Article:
In long-term divergently selected chickens, for the ratio of abdominal fatness to live weight, Dridi’s group found that the hypothalamic expression of NPY was higher in fat compared to lean bird lines under both fed and fasted conditions [152]. The same group found that the hypothalamic expression of NPY was lower in high- compared to low-feed efficient male quails, but it remained unchanged between female lines [153], indicating a potential gender-dependent effects.
NPY expression is also regulated by hormonal factors such as insulin, leptin, and glucocorticoids (GCs). These peripheral hormonal signals are integrated in the hypothalamus at the arcuate nucleus of mammals or infundibular nucleus of birds [154,155]. Intracerebroventricular (ICV) injection of GCs increases feed intake in chicks [156] in a dose-dependent manner, whereas infusion of recombinant leptin over a 6 h period significantly reduced feed intake in 3-week-old broiler chickens. This effect was mediated via selective down-regulation of the hypothalamic expression of NPY [157].
Moreover, a study was conducted with the aim to evaluate the effect of dietary energy level and feeding state on the GC-induced gene expression of hypothalamic feeding-related neuropeptides, including NPY [158]. The results showed that dexamethasone treatment significantly increased hypothalamic NPY expression under fasting conditions. This effect was observed in chickens fed a high-fat diet but not in their counterparts receiving a low-fat diet, suggesting that the effect of peripheral GCs injection on NPY expression is dependent on dietary energy concentration. The same study showed a decrease in hypothalamic NPY levels under re-feeding conditions.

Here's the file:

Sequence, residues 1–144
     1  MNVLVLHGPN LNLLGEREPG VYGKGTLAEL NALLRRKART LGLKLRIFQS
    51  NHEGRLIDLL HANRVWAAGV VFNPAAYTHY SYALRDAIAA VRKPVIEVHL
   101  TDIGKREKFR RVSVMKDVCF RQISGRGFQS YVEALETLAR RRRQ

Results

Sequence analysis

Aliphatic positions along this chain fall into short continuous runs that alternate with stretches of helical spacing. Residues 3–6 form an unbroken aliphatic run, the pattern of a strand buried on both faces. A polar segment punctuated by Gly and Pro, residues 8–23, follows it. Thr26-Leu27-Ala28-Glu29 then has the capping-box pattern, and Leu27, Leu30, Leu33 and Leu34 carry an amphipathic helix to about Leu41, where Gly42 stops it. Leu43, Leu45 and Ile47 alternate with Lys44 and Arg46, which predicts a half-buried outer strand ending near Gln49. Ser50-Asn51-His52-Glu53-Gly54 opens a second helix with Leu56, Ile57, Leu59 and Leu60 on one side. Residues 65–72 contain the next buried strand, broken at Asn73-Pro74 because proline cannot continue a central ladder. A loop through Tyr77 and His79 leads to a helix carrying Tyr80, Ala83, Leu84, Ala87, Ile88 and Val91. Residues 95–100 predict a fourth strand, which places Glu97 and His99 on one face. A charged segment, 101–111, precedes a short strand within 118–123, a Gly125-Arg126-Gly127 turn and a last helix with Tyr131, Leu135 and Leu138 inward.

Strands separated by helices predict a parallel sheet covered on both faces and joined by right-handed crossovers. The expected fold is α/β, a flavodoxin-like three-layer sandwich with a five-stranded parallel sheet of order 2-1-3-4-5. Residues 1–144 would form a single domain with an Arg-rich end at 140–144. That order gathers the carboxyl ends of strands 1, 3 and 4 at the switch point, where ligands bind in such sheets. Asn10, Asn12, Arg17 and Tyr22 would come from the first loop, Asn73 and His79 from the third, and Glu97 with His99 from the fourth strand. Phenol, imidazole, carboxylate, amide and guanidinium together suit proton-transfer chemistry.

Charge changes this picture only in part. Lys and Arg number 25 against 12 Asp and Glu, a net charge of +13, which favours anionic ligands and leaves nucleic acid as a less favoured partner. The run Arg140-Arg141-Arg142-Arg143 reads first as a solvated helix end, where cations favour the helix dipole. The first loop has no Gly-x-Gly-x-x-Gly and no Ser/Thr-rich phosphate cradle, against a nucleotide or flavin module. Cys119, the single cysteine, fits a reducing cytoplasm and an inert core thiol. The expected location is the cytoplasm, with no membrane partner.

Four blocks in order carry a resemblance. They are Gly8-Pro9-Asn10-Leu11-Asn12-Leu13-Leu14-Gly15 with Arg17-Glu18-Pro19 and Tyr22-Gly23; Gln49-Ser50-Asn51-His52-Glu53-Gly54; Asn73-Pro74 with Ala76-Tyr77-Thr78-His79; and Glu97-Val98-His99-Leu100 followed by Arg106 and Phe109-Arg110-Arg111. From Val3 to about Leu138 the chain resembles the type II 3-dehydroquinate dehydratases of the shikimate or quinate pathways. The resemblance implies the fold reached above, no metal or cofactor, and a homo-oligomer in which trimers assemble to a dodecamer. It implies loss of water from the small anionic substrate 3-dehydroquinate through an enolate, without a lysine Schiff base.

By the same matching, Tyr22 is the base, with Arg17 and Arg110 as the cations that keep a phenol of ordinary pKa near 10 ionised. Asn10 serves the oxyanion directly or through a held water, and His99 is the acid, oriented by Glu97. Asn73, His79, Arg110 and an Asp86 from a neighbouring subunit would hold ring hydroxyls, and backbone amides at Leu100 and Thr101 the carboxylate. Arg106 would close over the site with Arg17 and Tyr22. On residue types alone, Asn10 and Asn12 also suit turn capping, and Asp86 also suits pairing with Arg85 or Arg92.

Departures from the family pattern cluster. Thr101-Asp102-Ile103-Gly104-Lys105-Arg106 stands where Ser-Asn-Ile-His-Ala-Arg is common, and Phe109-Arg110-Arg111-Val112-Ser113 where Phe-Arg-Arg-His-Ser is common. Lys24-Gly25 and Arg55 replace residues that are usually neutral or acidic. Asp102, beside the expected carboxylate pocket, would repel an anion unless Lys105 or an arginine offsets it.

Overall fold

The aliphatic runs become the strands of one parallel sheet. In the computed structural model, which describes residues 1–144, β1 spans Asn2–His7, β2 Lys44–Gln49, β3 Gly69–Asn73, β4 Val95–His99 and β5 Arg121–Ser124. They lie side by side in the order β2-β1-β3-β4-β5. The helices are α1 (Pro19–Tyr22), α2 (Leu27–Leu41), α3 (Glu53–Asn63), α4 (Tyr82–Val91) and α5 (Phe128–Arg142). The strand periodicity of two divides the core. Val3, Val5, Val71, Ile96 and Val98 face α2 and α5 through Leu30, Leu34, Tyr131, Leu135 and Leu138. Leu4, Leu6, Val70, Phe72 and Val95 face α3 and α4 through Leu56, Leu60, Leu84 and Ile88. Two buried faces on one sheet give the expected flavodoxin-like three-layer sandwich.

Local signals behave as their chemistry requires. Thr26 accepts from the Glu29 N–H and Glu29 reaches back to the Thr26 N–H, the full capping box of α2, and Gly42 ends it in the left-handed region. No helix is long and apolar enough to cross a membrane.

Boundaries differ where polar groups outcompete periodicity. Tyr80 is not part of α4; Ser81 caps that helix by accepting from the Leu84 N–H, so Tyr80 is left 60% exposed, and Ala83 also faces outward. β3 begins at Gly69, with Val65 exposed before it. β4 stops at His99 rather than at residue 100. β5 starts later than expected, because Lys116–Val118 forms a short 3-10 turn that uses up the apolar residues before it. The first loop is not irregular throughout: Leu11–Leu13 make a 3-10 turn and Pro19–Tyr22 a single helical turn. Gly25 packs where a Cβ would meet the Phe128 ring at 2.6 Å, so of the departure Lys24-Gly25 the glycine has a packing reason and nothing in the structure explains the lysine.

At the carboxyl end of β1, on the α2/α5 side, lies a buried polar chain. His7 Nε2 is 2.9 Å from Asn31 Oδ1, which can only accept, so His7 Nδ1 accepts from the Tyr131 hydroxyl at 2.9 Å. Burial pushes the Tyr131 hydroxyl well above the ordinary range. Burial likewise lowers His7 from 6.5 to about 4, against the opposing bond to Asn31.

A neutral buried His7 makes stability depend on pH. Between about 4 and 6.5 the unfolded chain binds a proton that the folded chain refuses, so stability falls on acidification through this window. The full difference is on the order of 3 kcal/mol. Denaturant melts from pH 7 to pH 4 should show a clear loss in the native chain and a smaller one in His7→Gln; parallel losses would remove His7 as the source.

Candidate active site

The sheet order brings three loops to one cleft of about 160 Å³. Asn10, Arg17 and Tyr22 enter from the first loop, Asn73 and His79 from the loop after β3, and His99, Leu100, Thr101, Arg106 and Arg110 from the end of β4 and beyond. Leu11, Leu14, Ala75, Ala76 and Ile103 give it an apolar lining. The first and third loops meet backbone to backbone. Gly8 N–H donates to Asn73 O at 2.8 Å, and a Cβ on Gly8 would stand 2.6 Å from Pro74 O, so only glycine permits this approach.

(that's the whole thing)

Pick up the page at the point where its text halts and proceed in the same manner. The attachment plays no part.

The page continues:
ICV injection of insulin has been shown to inhibit feed intake in young chickens via the central melanocortin system [83]. Similarly, ICV injection of insulin had an anorexgenic effect on leghorn and broiler chicks [159,160], indicating that insulin in birds, like mammals, is an anorexigenic neuropeptide. More recent studies have further explored the interaction between NPY and insulin, and have indicated that the hypophagic effect of insulin is likely mediated by the Y1 and Y2 receptors [161,162].